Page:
Thoughts? Reflections? Opinions?

Please comment!

Thursday, September 3, 2015

An Adoptee Perspective on Rosie O'Donnell and Chelsea

Chelsea, left, with adoptive mom Rosie O'Donnell

Last week, on internet news, I came across the story of Rosie O'Donnell's adopted daughter, Chelsea, going to live with her birthmother. Only it wasn't really a story. It was more a statement:
Rosie O’Donnell’s adopted daughter Chelsea, who went missing earlier this month, turned 18 this week and left home once again, this time to go live with her birth mother.

There is a lot written in between the lines.
"Chelsea...turned 18 this week...  Chelsea's birth mother (picked Chelsea up), the day she turned 18 and is legally an adult... 
At 18, you're an adult. It's the first time you're legally allowed to figure out your family connections to your bithfamilies without the adoptive family's consent.  

"Chelsea, who went missing earlier this month...left home once again..." 
The implication is that Chelsea must not be happy in her adoptive home, she must be searching for something her adoptive family can't give her.
But is that so wrong?


My birth sister Abby, my birthmother Kate and myself at 18

I sought out my birth family when I turned 18. I'm not the only adoptee I know who did the same.

Eighteen is a magical number for adoptees, especially those of us from closed adoptions. It's the age you're allowed to find out your identity. That's what I thought anyway. It turned out, that you're not magically endowed with all the knowledge of who you are and who your parents are and what that all means once you're 18. Instead, at 18, you're given the key to unlock the door. At 18, you have legal authority over your own life. No one gets to tell you what to do anymore. No one gets to tell you what to think. No one can control you.

So if you were an adoptee and turned 18, what would you do?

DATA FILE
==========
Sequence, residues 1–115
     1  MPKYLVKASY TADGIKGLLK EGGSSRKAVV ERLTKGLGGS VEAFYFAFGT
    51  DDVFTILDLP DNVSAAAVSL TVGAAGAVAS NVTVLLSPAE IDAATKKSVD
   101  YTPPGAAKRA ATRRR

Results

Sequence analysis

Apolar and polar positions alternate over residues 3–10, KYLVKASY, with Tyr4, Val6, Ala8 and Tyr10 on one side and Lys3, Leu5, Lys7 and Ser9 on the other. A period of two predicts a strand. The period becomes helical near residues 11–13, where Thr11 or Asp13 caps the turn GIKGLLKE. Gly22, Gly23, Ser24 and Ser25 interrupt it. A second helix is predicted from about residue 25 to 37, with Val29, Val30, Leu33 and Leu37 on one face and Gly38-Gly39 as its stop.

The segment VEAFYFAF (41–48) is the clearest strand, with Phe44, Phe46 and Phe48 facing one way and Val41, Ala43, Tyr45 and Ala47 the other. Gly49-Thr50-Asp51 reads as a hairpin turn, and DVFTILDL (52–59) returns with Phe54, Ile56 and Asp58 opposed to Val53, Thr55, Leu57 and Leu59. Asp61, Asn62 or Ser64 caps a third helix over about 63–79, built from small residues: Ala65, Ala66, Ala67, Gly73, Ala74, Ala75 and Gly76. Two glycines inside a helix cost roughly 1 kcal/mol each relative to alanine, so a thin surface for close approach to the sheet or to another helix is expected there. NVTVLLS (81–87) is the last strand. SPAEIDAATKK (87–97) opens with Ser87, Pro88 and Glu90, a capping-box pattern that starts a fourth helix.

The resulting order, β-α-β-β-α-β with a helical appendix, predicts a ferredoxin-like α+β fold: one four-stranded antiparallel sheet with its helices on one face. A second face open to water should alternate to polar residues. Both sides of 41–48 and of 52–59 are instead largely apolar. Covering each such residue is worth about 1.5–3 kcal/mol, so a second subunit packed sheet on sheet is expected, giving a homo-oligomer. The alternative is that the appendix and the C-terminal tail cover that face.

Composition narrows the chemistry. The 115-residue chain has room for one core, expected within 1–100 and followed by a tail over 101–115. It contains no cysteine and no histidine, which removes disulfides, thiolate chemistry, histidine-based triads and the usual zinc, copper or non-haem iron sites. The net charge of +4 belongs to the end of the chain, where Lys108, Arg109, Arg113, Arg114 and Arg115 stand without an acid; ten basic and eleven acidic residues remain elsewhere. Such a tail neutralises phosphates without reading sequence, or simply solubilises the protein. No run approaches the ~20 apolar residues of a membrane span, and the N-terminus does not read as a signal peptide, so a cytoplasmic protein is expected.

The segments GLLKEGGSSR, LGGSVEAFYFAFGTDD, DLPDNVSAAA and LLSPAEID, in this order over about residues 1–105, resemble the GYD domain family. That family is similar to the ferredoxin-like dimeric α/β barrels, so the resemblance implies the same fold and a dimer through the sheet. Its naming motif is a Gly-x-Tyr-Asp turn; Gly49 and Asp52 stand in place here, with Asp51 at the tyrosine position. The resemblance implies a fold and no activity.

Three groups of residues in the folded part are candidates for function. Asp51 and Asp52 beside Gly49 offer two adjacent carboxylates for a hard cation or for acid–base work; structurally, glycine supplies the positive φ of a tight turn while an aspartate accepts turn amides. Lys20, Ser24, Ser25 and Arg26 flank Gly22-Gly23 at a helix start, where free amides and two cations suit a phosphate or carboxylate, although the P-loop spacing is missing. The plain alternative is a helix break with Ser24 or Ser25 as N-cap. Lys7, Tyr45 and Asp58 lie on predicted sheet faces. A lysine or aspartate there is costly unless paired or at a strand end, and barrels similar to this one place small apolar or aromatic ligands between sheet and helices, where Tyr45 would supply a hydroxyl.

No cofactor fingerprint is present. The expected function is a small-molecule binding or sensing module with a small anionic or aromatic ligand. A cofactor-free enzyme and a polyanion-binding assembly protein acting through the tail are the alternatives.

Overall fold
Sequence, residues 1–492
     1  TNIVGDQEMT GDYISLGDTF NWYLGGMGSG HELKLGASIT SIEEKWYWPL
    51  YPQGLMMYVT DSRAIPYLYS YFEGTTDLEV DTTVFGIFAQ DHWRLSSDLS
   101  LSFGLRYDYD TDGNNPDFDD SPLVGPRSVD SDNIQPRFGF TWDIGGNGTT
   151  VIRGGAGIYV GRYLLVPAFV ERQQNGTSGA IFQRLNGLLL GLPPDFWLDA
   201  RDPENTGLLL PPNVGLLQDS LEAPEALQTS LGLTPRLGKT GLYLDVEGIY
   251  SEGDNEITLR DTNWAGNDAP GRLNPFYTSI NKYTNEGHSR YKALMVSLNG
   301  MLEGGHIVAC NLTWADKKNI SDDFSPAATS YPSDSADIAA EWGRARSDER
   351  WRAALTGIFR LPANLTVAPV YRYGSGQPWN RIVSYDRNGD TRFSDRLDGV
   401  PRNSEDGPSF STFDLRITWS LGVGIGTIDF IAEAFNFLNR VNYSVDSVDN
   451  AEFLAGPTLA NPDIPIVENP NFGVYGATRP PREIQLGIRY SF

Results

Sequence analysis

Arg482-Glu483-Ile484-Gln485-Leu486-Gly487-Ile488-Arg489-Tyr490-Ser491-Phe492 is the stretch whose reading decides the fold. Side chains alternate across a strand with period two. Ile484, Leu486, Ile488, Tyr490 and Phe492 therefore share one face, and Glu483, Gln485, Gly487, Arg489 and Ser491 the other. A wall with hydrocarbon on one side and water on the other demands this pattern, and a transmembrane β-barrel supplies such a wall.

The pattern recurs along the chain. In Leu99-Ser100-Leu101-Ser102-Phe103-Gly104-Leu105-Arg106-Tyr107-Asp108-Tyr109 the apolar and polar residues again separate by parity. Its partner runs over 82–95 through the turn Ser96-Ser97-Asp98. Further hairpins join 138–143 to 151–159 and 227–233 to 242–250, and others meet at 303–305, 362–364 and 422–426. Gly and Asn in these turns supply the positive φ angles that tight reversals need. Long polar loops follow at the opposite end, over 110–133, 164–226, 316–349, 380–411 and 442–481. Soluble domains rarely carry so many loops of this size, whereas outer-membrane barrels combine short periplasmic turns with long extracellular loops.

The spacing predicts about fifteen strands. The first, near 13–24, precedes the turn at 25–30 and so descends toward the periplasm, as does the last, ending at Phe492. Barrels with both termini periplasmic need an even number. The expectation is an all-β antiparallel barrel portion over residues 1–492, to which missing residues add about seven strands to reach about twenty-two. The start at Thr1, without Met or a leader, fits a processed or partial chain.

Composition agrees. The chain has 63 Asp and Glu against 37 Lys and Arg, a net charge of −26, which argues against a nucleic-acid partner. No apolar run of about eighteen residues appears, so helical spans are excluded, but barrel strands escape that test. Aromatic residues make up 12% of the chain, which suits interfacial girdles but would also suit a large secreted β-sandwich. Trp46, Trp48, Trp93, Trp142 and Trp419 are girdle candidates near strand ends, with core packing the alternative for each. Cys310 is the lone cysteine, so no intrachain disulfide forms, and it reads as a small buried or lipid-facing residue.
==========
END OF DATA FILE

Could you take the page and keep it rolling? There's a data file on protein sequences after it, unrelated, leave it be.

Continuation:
Of course you would go live with your birthmother. I did. I was 22, and I had just graduated from college and my birthmother invited me to stay with her. How could I resist? You get to see who you could have been. You get to live the life you would have had. You get to understand  more of who you are.

The biggest difference is not that Chelsea is famous whereas I am not. No, what separates us is that my adoptive parents supported me. They supported me emotionally and financially during that time I went to live with my birthmother. It was my safety rope. If I fell, they would catch me.

The internet news says that Rosie cut Chelsea off. It seems such an amazing act of spite. To me, 18 is like Bambi getting his feet under him for the first time, wobbly but determined. You want to find your bearing, but you haven't built up the strength yet. That's why you need the strength of your adoptive parents to support you. Living with your birthparents, understanding who you are and where you come from is not a betrayal. It's an act of trying to stand on your own legs. And it's hard to do that if you don't know what you are, who you come from, where you belong.


to view my birthmother's blog on the same topic, go to mothertone


Thoughts? Reflections? Opinions?

Please comment!